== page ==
Tref,P V . Additionally, βPV is a temperature penalization factor
depending on the PV technology and NOCT denotes the
nominal operating cell temperature. Finally, Isol is the clear
sky irradiation and Ktis the clearness index.
E. Heat Pump Generator
In this paper, air to water electrically-driven HPs are con-
sidered. To ensure that the thermal load of the building is
covered under any conditions, the nominal capacity of the
HPs is chosen to be equal with the peak thermal load. The
performance of the HPs can be evaluated using the following
The HP efﬁciency ηHP can be considered with sufﬁcient
accuracy as a constant value . Additionally, in this paper,
the same ηHP is adopted for both the heating mode and the
production of DHW. The values of Tcond and Teva depend
on the provided service . At the indoor of the HP heat
exchanger (water side), a temperature droop equal to 5 K
is considered. Moreover, a drop of 10 Kis assumed at the
outdoor of the HP heat exchanger (air side).
F. Solar Thermal Generator
The operation of the ST generator is simulated using the
following mathematical model :
Pth,ST =nST ηS T SST Isol (13)
ηST =FR(τ α)nA−B(14)
A= (1 −b0(1/cosθ −1)) (15)
B=FRUL(TST ,in −Text)
In the above equations, nST and ηST denote the number of
solar collectors and their efﬁciency, respectively. SST is the
surface of each collector, while FRis the solar thermal removal
factor. Furthermore, (τα)nis the transmittance-absorptance
product for normal incidence irradiance, while b0is the inci-
dence angle modiﬁer coefﬁcient for single-cover solar thermal
collectors, and θis the angle between the beam radiation and
the normal to the solar thermal collectors. Finally, ULis solar
thermal frontal losses and TST ,in is the temperature of the
G. Thermal Storage System
For the adopted TSS, the thermal power balance equation
at the j-th time step of the analysis can be written as:
VT S ρwcw(Tj
T S −Tj−1
T S ) =Pth,S T +Pth,HP,T S −
Pth,DHW −Pth,T S,H −
where VT S is the total volume of the TSS, while ρwis
the density of the water. Moreover, Tj
T S and Tj−1
T S are the
temperatures of the water at the TSS at the jand j−1time
step of the analysis, respectively. Pth,ST and Pth,H P,T S are the
powers provided by the ST generator and the HP to the TSS,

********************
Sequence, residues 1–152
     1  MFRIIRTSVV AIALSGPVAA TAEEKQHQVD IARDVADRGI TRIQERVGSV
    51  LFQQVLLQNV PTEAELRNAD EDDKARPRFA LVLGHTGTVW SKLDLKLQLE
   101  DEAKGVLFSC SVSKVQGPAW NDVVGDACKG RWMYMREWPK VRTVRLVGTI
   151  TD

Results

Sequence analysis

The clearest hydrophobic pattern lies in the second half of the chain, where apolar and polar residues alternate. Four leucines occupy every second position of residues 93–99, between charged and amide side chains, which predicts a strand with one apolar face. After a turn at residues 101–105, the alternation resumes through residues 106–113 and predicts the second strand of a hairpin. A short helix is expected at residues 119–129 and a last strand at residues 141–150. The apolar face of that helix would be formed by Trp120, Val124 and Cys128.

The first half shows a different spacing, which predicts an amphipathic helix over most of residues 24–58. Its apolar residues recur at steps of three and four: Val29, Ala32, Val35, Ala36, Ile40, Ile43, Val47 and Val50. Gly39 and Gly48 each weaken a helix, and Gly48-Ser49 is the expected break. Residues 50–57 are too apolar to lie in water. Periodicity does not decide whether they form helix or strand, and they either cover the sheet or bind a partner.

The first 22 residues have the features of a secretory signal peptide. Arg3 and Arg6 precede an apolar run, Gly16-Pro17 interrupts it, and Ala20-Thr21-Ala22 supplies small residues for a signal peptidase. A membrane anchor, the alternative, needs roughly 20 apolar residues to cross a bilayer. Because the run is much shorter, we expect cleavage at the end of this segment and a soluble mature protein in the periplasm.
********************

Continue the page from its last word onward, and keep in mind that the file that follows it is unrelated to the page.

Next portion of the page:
respectively. On the other hand, Pth,T S,H denotes the power
exported from the TSS for heating purposes, while Pth,DHW is
the power used for the production of DHW. Finally, Pth,T S,ls
stands for the power losses of the TSS and can be calculated
Pth,T S,ls =ST S
(TT S −Text,T S )(18)
In the above equation, STS ,λT S and sT S are the total
surface, the thermal conductivity, and the thickness of the
TSS. Moreover, Text,TS is the TSS room temperature. Further
information concerning the control strategy of the TSS can be
found in .
Algorithm 1 Pseudocode for the control strategy of the BSS
1: Deﬁne upper/lower SOC limits, i.e. SOCuand SOCl.
2: if PP V > Pload && SOC < SOCu
3: Battery charges
4: elseif PP V > Pload && SOC ≥SOCu
5: No action
6: elseif PP V < Pload && SOC > SOCl
7: Battery discharges
8: elseif PP V < Pload && SOC ≤SOCl
9: No action
10: end if
H. Battery Storage System
The electrical power balance equation can be written as:
PP V +Pgrid +Pbat =Pload (19)
Pload =PHP +Pel (20)
In the above equations, Pgrid denotes the electrical power
imported from the main utility grid, Pbat is the electrical power
of the BSS, and Pel is the electrical power, used for lighting
and household appliances. Finally, PHP is the electrical power
of the HP, which can be easily computed using the following
Concerning the control strategy of the BSS, a simple scheme
that maximizes the self-consumption ratio is adopted. More
speciﬁcally, in case the PV power exceeds the total load
demand, the BSS starts the charging procedure by absorbing
the surplus of the generated power up to the maximum
permissible value. On the other hand, if the PV generated
power is lower than the load demand, the BSS discharges.
During this process, the upper and lower limit of the state of
charge (SOC) of the BSS is taken into account. The adopted
control strategy is analytically presented in Algorithm 1.
III. ECONOMIC EVALUATI ON O F BSS
Nowadays, the majority of PV installations in the residential
sector are operated under net-metering (NeM) schemes ,
. In these policies, prosumers can offset the imported
energy from the grid with electrical energy generated from
a local PV system. The prosumers are then charged for a
certain billing period according to their net energy consumed.